Supporters of the No vote react after the first results of the referendum at Syntagma square in Athens / AP

Travel operators are currently not offering refunds or the possibility to change trips

The Greek public has voted against further austerity measures. The referendum has added to the turmoil, but while the economists and politicians ponder what will become of the nation, what does the outcome mean for a summer of planned holidays in the tourist hot-spot? Here are some answers.

Should I still go?

If you’ve already booked your holiday, there's little you can do should you wish to cancel without incurring charges. Travel operators are not offering refunds or the possibility of changing trips as there’s been no official word from the Foreign Office that this is necessary, nor is it likely.

You should check with your travel insurer prior to departure as to what the cover is if the situation in the country changes.

What about money?

At present, the Greek government is limiting ATM cash withdrawals from cards issued by Greek banks to 60 euros a day. With international banks, in theory you should be able to withdraw up to your card’s allowance, dependent on whether ATMs have been adequately filled up with cash – be prepared to queue.

Card machines in shops, restaurants and hotels are still working, but there are reports that around the country, business owners will only accept cash. In short, take sufficient cash, in euros, to cover the duration of your trip and any unexpected circumstances or emergencies (medical bills, taxis and so on).

Read our Greece crisis live blog here

At the moment, there are no limitations to bringing your euros back out of Greece at the end of your trip. 

Will I be safe with all that cash?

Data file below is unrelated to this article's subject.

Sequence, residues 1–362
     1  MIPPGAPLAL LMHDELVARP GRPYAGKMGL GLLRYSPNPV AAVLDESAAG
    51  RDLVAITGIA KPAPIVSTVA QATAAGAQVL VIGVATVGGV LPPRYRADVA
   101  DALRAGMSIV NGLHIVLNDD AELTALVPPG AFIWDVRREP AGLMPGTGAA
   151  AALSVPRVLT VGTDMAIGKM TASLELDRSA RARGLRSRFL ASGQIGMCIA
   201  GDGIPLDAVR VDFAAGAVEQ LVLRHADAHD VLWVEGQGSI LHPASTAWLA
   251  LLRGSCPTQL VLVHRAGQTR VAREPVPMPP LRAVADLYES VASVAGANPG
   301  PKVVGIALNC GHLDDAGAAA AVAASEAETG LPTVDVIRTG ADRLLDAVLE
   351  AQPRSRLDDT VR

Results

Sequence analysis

Carrying a fortnight's-worth of euros in your wallet has security implications. Currently there has been no indication of any danger other than that usually posed by pickpockets in tourist areas, however you’re advised to keep money in a safe and be as vigilant as possible if carrying large amounts of money. Check your travel insurance to see how much cash is covered in the event of theft, since some policies have limitations. It is worth making sure that your accommodation has a safe, or somewhere secure to store cash if you don't want to carry it with you.

Alternatively, tour operator Olympic Holidays is currently offering its customers the option to "withdraw" cash from its reps, using credit or debit cards.

What about protests?

Ongoing demonstrations have been taking place in Athens and around the country, so it’s possible there may be more. You’re advised to avoid all demonstrations and follow local authority advice depending on where you’re staying.

Should I book a holiday there now?

Reacting to a slump in demand, many travel companies are offering cheaper package holidays to Greece. Booking an Atol-bonded package, rather than a DIY trip, will protect you should any aspect of your holiday fail.  For example, Thomson is offering a week's self-catering on the popular island of Mykonos for £199pp, with flights departing Gatwick on 17 July, the start of the school summer holidays.

As for those who have already booked holidays, there’s no reason why you shouldn’t go – for example, Monarch's official statement is that it's "business as usual" with all holidays operating normally. However, the situation in Greece is fluid, so it’s best to check what coverage your insurer will provide and what contingencies are in place should circumstances change, for example, if demonstrations escalate.